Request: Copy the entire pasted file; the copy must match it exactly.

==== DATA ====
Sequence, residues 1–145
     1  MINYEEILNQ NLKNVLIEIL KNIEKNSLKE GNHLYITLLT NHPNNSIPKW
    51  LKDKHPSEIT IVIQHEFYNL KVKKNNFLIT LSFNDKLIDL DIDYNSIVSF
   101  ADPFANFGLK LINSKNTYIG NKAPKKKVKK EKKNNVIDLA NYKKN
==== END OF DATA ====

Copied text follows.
Sequence, residues 1–145
     1  MINYEEILNQ NLKNVLIEIL KNIEKNSLKE GNHLYITLLT NHPNNSIPKW
    51  LKDKHPSEIT IVIQHEFYNL KVKKNNFLIT LSFNDKLIDL DIDYNSIVSF
   101  ADPFANFGLK LINSKNTYIG NKAPKKKVKK EKKNNVIDLA NYKKN